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From the inflation to the war in Ukraine, there seem to be plenty of reasons to worry about the economy these days, but things are looking good for the busy hotel Haya in Tampa, Florida.
Even with gasoline prices topping $ 4 a gallon, people are making the drive to the neighboring states and flocking to the hotel.
“They’ve been saving their money for the pandemic, and now they want to get away, wherever it takes them,” says the hotel’s general manager, Peter Wright.
That’s a new economic report card. The Commerce Department reported Thursday that the nation’s gross domestic product shrank at an annual rate of 1.4% in the first three months of this year – a marked contrast from the final months of 2021, which saw some of the fastest growth.
But economists say it’s not as worrisome as it might seem. Consumers continue to spend freely, and businesses are still investing, despite the sharp drop in headline GDP growth.
“We shouldn’t take that as a signal of the direction of the economy,” says Ben Herzon, senior US economist with S&P Global Market Intelligence. “If we peel back a couple of layers and just look at the underlying domestic demand, the economy looks like a little bit of steam.”
Take Tampa. More than three-quarters of the city’s hotel rooms were booked in mid-April, surpassing pre-pandemic levels, according to hospitality analysts at STR.
Strong demand has slashed the average nationwide price of a hotel room by more than 14% from 2019.
“We see a lot of staycations as well,” says Wright. “There was a lot of pent-up demand, so we were looking for a lot of local people coming and enjoying a few nights and a restaurant and pool. They’re looking for money to spend.”
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“Buy and buy and buy”
While the omicron wave of coronavirus infections discouraged some people from traveling and eating out in the first weeks of the year, that has given way to what Herzon calls a “COVID spring.”
“People are taking their masks off,” he says. “They’re getting back to consuming the services they were before they were consummated in the pandemic. That’s a pretty powerful push to help propel consumer spending – and GDP broadly – into the second half of the year.”
At the Tulip Festival in Wamego, Kan., Last weekend, Becky Rawls-Riley was showcasing a colorful collection of custom hats and scarves.
“Everybody’s back, which is great,” she says.
Craft festivals are a one- or two-year hiatus after returning to the COVID-19 pandemic, and that’s a relief for Rawls-Riley, who depends on both sales and customer feedback.
Sales were “gung-ho” in February, she says, but a little softer in March and April.
“There are some who will buy and buy,” she says, while others are “watching their pennies.”
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Not everything is rosy, of course
That’s not to say the economy is without challenges. Supply chains are still tangled, and employers are still struggling to find enough staff.
Rawls-Riley, for example, invested in new display racks this year, as well as industrial sewing equipment, but both were delayed by supply chain bottlenecks.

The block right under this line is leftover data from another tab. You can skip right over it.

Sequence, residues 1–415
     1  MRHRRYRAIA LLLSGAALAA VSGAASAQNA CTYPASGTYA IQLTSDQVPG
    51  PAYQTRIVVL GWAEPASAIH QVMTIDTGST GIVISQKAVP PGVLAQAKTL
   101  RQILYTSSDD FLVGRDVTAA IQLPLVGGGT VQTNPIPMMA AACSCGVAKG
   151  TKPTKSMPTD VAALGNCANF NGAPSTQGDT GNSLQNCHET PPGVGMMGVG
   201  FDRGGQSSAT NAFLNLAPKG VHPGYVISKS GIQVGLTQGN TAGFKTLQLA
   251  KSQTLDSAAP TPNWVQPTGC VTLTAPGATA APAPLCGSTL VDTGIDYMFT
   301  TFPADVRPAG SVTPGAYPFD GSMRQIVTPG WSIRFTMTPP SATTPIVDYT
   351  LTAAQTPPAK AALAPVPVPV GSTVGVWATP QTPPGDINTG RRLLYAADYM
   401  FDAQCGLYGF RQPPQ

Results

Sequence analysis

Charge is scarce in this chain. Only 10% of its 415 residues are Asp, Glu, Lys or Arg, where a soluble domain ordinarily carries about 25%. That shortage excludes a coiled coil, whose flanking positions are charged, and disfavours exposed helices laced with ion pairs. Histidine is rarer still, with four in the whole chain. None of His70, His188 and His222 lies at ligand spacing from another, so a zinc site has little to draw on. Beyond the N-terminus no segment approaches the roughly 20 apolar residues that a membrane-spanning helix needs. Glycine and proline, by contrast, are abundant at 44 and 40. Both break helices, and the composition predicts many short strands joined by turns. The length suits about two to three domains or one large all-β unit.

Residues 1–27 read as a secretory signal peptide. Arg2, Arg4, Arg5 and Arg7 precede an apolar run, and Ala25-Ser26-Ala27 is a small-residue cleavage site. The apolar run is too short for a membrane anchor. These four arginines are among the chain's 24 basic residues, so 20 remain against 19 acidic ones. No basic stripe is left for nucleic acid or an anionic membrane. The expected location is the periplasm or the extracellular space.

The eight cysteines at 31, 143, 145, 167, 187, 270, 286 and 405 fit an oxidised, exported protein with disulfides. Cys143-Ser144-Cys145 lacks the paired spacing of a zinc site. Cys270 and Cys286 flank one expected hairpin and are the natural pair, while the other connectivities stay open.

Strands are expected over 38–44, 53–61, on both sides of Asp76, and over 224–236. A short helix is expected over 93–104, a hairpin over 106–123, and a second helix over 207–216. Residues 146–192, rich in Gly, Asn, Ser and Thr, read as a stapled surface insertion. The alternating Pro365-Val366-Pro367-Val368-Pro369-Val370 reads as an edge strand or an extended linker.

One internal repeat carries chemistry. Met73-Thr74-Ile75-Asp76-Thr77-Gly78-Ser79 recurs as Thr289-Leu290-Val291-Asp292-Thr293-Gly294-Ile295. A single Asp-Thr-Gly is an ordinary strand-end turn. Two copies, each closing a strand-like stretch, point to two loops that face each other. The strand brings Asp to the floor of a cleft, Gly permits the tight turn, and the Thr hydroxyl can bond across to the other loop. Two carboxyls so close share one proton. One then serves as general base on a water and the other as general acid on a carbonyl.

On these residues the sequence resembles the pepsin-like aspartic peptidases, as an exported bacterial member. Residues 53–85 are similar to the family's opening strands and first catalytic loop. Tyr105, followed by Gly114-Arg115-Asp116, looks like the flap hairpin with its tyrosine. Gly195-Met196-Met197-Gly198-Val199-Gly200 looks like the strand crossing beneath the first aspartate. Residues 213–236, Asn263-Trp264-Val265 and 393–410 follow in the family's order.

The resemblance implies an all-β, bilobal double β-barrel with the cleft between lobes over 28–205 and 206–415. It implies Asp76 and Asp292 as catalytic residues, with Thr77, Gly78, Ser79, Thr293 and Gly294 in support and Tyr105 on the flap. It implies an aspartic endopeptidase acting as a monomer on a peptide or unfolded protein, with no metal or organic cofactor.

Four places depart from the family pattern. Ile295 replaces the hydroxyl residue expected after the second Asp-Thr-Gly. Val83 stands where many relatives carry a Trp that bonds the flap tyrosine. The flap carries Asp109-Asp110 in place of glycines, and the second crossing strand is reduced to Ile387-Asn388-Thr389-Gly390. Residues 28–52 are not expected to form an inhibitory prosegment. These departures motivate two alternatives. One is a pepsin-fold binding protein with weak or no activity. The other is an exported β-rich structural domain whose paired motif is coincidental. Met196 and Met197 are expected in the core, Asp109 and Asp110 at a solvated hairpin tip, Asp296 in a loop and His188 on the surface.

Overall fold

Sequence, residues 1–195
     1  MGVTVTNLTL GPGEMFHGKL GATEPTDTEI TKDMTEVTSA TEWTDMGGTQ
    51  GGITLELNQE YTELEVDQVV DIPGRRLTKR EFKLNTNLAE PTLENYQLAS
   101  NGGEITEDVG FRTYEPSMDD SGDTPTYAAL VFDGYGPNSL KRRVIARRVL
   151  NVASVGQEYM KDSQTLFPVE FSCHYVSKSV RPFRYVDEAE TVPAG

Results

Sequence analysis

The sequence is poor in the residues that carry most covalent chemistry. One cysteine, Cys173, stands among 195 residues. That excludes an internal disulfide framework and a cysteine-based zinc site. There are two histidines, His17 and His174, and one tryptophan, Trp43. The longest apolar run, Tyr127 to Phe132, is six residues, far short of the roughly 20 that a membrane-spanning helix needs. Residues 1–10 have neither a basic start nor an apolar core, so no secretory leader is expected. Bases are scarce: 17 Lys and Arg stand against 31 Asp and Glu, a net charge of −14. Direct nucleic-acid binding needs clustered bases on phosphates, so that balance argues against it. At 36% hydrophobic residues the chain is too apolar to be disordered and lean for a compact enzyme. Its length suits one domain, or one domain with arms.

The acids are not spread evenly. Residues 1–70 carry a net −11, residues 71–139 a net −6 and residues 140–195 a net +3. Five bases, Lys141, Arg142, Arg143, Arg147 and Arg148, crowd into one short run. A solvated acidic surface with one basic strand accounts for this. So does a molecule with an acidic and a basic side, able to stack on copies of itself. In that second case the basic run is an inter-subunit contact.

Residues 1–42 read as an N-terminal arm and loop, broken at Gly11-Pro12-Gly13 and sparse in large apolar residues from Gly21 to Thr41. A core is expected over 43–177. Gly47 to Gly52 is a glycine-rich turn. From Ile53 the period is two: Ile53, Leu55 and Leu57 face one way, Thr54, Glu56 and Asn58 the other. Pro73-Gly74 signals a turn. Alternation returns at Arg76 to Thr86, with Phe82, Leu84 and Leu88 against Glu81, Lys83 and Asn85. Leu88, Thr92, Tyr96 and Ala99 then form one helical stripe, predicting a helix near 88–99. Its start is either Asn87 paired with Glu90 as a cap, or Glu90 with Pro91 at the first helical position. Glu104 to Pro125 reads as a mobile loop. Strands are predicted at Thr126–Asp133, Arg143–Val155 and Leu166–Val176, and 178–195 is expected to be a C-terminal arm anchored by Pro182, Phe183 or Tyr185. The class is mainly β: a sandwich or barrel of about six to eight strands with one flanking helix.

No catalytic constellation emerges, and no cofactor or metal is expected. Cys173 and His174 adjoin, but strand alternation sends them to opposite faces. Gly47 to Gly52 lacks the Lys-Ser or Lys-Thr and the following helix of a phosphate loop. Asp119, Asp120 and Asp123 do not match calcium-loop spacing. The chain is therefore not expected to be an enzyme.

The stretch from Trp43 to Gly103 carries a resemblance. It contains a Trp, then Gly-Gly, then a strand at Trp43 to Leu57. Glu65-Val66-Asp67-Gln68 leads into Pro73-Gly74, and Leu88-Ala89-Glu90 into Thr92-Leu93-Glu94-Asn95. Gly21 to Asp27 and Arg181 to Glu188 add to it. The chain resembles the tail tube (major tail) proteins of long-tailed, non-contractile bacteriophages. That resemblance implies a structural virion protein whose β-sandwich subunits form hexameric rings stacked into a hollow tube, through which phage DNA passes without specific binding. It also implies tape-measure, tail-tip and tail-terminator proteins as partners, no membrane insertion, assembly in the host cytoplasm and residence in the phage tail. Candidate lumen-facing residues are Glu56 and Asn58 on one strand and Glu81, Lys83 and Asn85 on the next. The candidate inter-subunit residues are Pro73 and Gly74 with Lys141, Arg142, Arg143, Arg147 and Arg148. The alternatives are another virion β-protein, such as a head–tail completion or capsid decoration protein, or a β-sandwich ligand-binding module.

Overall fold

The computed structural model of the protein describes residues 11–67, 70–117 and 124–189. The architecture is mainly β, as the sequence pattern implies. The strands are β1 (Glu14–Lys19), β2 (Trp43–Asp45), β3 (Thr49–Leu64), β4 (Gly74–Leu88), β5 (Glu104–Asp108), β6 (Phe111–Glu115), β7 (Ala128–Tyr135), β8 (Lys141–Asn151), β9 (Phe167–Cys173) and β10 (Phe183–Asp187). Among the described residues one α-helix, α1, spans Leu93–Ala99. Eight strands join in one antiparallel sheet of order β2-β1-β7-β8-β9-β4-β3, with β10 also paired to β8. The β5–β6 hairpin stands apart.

“If you can make a product but you can’t display it, you have what you see, you’re in trouble,” she says. She also increased her prices to offset the rising costs of cotton, polyester and spandex, as well as her employees for higher wages.
“You can’t hold your price forever,” she says. “It’s just not possible.”
A survey of small-business owners by SCORE, a nonprofit business-mentoring service, found that two-thirds were facing rising costs from vendors and suppliers who raised more than half their own prices, averaging about 11%.
At Hotel Haya, Wright has also wrestled with rising costs and the challenge of recruiting workers. Pandemic has hit more than 1.5 million fewer people than the industry still employs in recent months.
“A lot of people left our business for a lot of reasons,” says Wright. “We are more creative than we have ever been in the past. There is such a shortage in the hospitality industry.”
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Inflation is still a headache
With strong demand and a tight labor market, the US economy is significantly hotter than Thursday’s GDP figure – too hot, in fact, for the Federal Reserve.
With annual inflation hitting a four-decade high last month, the central bank has seen an uptick in rising interest rates and cool demand. The Fed is trying to reinvest into the economy without tipping.
“That’s our goal,” Fed Chair Jerome Powell said during a panel discussion last week. “I don’t think anybody who’s Fed says that’s going to be straightforward or easy.”
The Fed raised interest rates by a quarter percentage point in March, and it’s expected to follow with a half-point increase next week. Higher borrowing costs are already weighing on the housing market, where mortgage rates now exceed 5%.
Pandemic lockdowns in China could also result in slower economic growth, greater dragging out of stubborn supply chain challenges and inflation on more upward pressure.
Economist Mark Zandi of Moody’s Analytics has lowered his forecast for GDP growth this year by about 3% to 4%.
Still, he says the US economy has been remarkably resilient to another.
“There’s a lot of cash sitting in people’s bank accounts, and that should help them continue to spend and navigate any kind of storm that’s blowing through,” Zandi says. “And the Russian invasion and the high gasoline and food prices and inflation are a storm.”